Peggy Noblitt, the owner of the 60-pound, female American Staffordshire pit bull terrier, has refused to abide by what she calls discriminatory conditions imposed on Blu Gator by the Issaquah Highlands homeowners' association.
She has responded to a suit from the homeowners' association by launching a countersuit of her own.
Among other things, the homeowner's association has ordered the pit bull to be muzzled, spayed and confined inside a secure kennel when she's in the back yard [by himself]. Noblitt is also supposed to take out $250,000 of liability insurance [which could simply be done by adding a rider to her current homeowner's insurance policy].
Both sides say initial hearings could begin as early as next month.
In an alleged case of pooch profiling, Noblitt says Blu Gator is being singled out because similar or related breeds have been involved in highly publicized attacks on people.
The homeowners' association, backed by Port Blakely Communities, the developer of Issaquah Highlands, wants the court to enforce the special conditions or order the pit bull out of the residential development.
John Adams, president of the homeowner's board and a Port Blakely Communities employee, says the legal focus of the case is simple.
"Can a homeowners' association adopt and enforce a rule?" he said.
Valerie Bittner, Noblitt's attorney, says the state Supreme Court ruled in 1998 that restrictive covenants for homeowners are legal -- but only if they're applied in a "reasonable, rational, fair, impartial, prudent and nondiscriminatory" manner.
That hasn't happened with Noblitt, Bittner said.
The homeowners' association says it began enforcing a ban on pit bulls in March. But Blu Gator, in place before the ban, was "grandfathered in" by the association with the aforementioned conditions.
The rationale for setting special conditions for specific breeds is based on the assumption that certain dogs are genetically more predisposed to lethal attacks.
But delving into the available evidence produces questions as well as answers.
In a special report issued by the American Veterinary Medical Association in 2000, statistics were accompanied by cautions.
In 1997 and 1998, the report says 27 people died in the U.S. from dog bite attacks. Rottweilers and "pit bull-type" dogs were responsible for around 60 percent of the deaths.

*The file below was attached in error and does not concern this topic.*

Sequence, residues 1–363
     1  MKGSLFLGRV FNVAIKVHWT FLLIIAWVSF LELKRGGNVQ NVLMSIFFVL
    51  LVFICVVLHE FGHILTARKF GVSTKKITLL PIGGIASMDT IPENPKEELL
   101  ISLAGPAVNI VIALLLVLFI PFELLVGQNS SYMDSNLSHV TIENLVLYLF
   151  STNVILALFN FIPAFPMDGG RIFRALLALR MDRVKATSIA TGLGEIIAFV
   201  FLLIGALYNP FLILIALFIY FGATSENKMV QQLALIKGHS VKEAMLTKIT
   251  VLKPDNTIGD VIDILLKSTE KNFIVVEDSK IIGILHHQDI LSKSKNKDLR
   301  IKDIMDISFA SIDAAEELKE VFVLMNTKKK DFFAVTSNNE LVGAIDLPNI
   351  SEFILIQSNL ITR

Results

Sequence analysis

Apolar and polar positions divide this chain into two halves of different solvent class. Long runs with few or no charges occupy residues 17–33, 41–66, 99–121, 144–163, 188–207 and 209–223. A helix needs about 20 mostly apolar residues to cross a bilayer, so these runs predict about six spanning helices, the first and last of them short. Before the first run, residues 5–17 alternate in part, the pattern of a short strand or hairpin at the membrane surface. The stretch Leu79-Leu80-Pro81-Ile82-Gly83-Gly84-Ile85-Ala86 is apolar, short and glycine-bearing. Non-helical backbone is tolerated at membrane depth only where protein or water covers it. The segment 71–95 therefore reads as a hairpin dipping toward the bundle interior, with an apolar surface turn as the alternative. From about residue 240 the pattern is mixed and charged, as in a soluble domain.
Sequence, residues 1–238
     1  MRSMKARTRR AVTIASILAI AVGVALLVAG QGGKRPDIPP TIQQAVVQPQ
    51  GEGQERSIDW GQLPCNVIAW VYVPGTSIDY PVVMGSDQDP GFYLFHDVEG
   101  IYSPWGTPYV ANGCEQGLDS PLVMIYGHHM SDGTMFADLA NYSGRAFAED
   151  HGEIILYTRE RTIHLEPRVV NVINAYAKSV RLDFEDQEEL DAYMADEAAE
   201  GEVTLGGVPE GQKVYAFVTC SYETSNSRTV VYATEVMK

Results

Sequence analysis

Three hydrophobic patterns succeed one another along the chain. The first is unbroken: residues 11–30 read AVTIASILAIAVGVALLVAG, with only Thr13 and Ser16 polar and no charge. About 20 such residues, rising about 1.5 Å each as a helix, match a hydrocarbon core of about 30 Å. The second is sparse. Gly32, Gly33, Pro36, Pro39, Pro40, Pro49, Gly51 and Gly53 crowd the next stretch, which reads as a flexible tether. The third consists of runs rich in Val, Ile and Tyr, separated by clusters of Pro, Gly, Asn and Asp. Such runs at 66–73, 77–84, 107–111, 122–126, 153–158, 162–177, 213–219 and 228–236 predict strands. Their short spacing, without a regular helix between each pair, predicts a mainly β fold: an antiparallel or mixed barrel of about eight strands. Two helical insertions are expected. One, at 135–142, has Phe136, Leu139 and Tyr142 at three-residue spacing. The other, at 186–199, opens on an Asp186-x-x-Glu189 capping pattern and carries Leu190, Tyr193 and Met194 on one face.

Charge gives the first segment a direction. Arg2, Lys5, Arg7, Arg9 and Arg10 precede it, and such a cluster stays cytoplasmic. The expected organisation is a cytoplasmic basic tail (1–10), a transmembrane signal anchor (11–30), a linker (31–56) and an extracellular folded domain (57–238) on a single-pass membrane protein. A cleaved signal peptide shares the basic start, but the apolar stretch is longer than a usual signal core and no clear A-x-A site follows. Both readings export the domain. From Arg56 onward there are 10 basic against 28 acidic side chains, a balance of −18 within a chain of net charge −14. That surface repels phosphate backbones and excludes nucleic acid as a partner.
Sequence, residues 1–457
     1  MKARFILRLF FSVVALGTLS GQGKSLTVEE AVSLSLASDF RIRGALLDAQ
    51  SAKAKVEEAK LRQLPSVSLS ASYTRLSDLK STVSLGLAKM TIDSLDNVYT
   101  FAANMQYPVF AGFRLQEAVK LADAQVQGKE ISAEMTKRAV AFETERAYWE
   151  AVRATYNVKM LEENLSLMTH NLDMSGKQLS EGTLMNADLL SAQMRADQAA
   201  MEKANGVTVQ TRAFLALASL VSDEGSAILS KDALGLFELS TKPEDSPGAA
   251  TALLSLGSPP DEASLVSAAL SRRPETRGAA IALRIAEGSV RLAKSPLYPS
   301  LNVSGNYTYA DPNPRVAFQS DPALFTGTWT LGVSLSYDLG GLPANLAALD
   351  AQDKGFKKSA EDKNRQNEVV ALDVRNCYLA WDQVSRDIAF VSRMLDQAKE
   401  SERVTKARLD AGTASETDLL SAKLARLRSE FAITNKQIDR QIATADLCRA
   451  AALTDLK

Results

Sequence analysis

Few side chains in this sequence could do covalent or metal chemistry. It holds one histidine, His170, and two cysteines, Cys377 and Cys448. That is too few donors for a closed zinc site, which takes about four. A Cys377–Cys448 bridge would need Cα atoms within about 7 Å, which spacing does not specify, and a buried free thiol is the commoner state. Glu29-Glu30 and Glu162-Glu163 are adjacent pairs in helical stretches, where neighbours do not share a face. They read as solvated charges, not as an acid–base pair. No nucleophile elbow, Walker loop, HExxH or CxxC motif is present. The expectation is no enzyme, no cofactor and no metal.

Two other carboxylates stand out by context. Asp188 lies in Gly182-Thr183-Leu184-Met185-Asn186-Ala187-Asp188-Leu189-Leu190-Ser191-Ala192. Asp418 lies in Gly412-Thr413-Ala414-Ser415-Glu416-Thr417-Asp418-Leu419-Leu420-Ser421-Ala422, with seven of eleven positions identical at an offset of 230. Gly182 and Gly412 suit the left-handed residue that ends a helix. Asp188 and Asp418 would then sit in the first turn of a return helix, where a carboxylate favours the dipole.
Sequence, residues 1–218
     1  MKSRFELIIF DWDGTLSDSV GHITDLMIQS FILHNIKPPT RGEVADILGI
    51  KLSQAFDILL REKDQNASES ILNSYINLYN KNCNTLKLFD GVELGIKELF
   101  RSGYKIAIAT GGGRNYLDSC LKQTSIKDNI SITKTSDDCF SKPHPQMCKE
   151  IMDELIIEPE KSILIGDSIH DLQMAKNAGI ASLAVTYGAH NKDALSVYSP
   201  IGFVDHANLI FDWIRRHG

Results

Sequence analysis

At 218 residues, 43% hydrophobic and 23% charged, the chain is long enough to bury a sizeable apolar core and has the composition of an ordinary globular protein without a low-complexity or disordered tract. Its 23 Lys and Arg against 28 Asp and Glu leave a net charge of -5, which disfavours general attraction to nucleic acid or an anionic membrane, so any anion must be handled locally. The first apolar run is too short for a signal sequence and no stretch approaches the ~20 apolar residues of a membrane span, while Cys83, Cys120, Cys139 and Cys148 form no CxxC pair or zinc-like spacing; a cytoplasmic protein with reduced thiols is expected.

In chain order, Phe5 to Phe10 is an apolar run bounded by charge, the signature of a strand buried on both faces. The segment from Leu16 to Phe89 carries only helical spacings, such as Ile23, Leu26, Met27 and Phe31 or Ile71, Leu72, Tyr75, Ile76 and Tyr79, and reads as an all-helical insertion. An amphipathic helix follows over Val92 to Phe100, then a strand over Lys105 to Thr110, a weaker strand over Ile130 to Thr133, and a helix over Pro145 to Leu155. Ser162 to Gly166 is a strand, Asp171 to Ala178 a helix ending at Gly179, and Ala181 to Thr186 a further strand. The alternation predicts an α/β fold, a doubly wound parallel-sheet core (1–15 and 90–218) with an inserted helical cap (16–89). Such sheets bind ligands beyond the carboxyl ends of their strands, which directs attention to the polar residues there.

But the report points out that pit bull statistics are problematic:
* There is no well-defined pit bull breed. Several breeds fall into that general, nontechnical category.
* The intense publicity some pit bull attacks have generated may have led to an overreporting of pit bull incidents in witness accounts and media stories.
* Pit bulls have become popular with owners who train their dogs to be aggressive and dangerous.
The last point raises the nature versus nurture issue in Bittner's mind.
"The dog is very sensitive to the cues you're giving it," Bittner said.
Adam Karp, a Seattle attorney who specializes in animal law, points out that attack totals for a specific breed are meaningless because we don't know the population numbers for specific breeds.
In 1997 and 1998, 10 fatal attacks were attributed to Rottweilers. But because we don't know how many Rottweilers existed in the United States during that time, it's impossible to know what percentage of the breed was involved.
"Without knowing the number of animals in the United States by breed, one cannot meaningfully compute risk," Karp said.
Noting that cities, apartment houses and other entities make rules about what kinds of pets are allowed, Adams is optimistic the homeowners' association will fare well in court.
But Bittner believes the constitution provides protection from the "unchecked power of private government schemes."
"This is not just a dog case," Bittner said. "This is about the whole power structure of homeowners' associations."
(Eastside Journal - June 21, 2002)